The recession has been good to McDonald’s. As consumers trade down to
cheaper, faster food on the go, McDonald’s has kept up its growth during the
downturn. Same-store sales rose 4.3% for the quarter that ended March 29.
Profits were up 4%, to $980 million. In this economy, that’s an explosion.
So what’s next for the Golden Arches Try an all-out assault on coffee. Over
the past 18 months, McDonald’s has been steadily introducing lattes,
cappuccinos and mochas in individual markets across the country. Some
80% of the company’s 14,000 U.S. stores now sell these drinks, and this
week McDonald’s will roll out a national advertising campaign trumpeting
the McCafé section of its menu. The timing of the rollout just happens to
coincide with the struggles of Starbucks, whose earnings sank 77% this past
quarter, mainly because of charges related to store closures and falling
real estate values. McDonald’s will gladly kick a double-soy-latte-drinking
competitor while it’s down. “This is shock and awe,” says Steve West,
restaurant analyst at Stifel Nicolaus.
McDonald’s USA president Don Thompson insists the company has been planning the rollout’s
timing for over two years and that McDonald’s is not
specifically targeting Starbucks. “We don’t need to talk about someone else
to justify our business,” says Thompson. McDonald’s is just trying to grow, he says,
by capturing share in a high-margin sector specialty coffee that has shown
consistent growth. Whether you believe the company’s motives or not, the
bottom line is that McDonald’s seems positioned for success.
According to West, the new McDonald’s drinks are almost $1
cheaper than those at Starbucks. “Is it Starbucks quality” asks West. “I
would never say that. But they’re in the ballpark. And that’s where they
need to be.” The analyst also conducts bimonthly consumer surveys, and
found that over 60% of respondents said they will trade down to
McDonald’s coffee if the drinks are cheaper and made faster. Given the
company’s pricing history and the likelihood that the McCafé system will be quicker than
Starbucks baristas, consumer sentiment is trending its way.
Thompson says that, to date, the McCafé drinks have produced profits in the
The new national ad campaign plays off the McCafé name. In one spot, for
example, a chore ironing one’s shirt becomes a much more pleasurable
“choré” with McCafé coffee in your hand. That’s kind of cute, but why don’t the ads highlight the company’s
one major advantage over coffee competitors: price With consumer
spending still weak, shouldn’t McDonald’s be explicitly broadcasting its
bargains “Here’s what everyone implicitly understands,”
Thompson says. “With our supply chain and the leverage we have, the products are
going to be more affordable than other coffee offerings out there. What is
less implicit is the taste. So what we are trying to do is help everyone
understand that, No. 1, it tastes great.”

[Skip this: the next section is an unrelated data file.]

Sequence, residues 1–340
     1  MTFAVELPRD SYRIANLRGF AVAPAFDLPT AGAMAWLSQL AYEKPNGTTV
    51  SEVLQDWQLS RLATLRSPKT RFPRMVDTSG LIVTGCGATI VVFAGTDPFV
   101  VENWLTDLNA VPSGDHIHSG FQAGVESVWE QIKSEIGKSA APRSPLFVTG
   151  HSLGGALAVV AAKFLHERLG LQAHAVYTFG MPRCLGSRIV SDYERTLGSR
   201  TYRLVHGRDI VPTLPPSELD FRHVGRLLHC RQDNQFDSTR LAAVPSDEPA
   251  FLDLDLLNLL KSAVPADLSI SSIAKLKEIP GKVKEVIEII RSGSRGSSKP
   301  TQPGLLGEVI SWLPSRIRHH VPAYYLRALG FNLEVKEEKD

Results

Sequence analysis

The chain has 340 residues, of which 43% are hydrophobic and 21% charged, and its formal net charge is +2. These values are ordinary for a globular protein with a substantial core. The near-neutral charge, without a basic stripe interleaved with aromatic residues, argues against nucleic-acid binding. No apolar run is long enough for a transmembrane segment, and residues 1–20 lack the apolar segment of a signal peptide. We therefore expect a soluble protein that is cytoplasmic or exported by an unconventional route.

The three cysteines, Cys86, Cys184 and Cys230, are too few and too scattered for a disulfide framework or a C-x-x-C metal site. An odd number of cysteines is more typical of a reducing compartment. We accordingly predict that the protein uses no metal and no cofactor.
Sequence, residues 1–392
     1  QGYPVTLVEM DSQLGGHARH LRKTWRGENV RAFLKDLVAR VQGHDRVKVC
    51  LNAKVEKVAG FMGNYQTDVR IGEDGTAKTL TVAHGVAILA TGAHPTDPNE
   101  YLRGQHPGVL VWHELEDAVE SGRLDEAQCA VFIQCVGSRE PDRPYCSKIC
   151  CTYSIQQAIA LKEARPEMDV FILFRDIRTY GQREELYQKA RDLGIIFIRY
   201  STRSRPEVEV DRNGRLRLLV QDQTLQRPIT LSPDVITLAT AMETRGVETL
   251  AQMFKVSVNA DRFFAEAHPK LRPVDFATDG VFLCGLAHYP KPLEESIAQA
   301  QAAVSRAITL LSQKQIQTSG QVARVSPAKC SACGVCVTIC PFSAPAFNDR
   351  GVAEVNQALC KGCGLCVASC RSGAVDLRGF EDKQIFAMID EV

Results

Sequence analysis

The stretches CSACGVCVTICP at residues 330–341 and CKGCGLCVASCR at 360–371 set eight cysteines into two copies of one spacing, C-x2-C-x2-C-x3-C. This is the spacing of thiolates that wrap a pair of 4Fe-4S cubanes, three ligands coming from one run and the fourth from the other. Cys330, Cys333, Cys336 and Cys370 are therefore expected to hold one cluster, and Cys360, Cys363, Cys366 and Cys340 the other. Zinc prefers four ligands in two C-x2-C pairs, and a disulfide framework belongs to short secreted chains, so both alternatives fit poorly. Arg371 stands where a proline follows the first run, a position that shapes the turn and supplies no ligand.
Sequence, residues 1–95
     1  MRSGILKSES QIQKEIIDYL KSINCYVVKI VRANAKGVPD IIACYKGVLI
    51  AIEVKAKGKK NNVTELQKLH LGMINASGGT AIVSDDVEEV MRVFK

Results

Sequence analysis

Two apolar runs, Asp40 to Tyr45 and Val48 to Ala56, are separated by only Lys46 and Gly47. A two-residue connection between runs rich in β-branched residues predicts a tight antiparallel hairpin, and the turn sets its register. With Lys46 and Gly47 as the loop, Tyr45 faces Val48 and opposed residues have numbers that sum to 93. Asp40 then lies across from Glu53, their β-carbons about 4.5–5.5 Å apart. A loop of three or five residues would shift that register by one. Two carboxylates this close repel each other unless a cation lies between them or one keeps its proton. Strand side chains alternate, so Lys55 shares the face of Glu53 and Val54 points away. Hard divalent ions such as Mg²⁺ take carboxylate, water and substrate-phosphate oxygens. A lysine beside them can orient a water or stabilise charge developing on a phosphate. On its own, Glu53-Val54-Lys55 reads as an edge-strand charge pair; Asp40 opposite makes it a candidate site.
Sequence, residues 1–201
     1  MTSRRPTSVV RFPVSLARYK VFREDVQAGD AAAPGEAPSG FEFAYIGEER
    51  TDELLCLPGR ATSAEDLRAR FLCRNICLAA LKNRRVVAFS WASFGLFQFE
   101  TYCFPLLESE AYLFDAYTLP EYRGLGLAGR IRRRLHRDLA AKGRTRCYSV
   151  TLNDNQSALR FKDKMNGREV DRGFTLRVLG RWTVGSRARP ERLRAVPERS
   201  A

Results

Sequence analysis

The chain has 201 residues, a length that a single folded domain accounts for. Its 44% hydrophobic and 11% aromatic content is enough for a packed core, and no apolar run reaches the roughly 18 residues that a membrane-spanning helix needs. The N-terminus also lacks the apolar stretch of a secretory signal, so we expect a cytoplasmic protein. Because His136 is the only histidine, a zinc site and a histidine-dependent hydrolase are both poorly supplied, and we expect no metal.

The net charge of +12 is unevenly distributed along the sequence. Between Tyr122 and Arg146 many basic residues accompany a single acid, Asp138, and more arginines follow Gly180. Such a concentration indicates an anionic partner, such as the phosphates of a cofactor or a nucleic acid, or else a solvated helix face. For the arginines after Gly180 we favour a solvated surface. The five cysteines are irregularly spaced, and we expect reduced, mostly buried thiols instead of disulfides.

customers don’t respond, however, Thompson promises they’ll be reminded of the value.
“We are not going to sweep under the rug the affordability aspect,” Thompson
says. “This is a long-term awareness campaign. You will see everything from
taste, indulgence, convenience and price point across the body of work that
will be presented over the next couple of years.” Yet the company has so far resisted franchisees that have been too explicit about price. Last year in
Seattle, a group of McDonald’s franchisees ran a billboard that read, “Four
Bucks Is Dumb,” a clear shot at Starbucks prices. After a talk with corporate headquarters, the billboard was taken down.
McDonald’s might want to stay aggressive, because Starbucks won’t go away
quietly. The company is introducing a grande iced coffee for under $2 this
summer, and the company has said it will lower prices on basic drinks in
some markets. Starbucks has also just launched print ads taking direct aim
at the quality of other coffee brands like McDonald’s and Dunkin’ Donuts.
“Beware of a cheaper cup of coffee. It comes with a price,” reads one ad.
“If your coffee isn’t perfect, we’ll make it over,” says another. “If it’s still not
perfect, make sure you’re in a Starbucks.”
At least one analyst, however, thinks the coffee war between
McDonald’s and Starbucks could be overhyped. “I think it’s a bit naive to
think that all of those Starbucks customers are running across the street to
McDonald’s,” says Sharon Zackfia, an equity analyst at William Blair & Co.
In a recent report, she noted that when McDonald’s rolled out local TV
advertising for McCafé in Michigan, Starbucks management told her that
Starbucks actually saw a boost in traffic. “The obvious
answer to Starbucks’ problems is that the economy is weak, and 30% of its
stores are in California and Florida,” says Zackfia. When the economy improves, Starbucks may
bounce back, with or without McCafé competition. “Just as Starbucks will
always be a beverage destination, McDonald’s will always be known as a food
destination,” Zackfia says.
Thompson of McDonald’s naturally disagrees. “We want to be a beverage
destination,” says Thompson. “For us, growing markets with great margins is
the place to be.” McDonald’s will always have the Big Mac. But does anyone
want a latte with their fries
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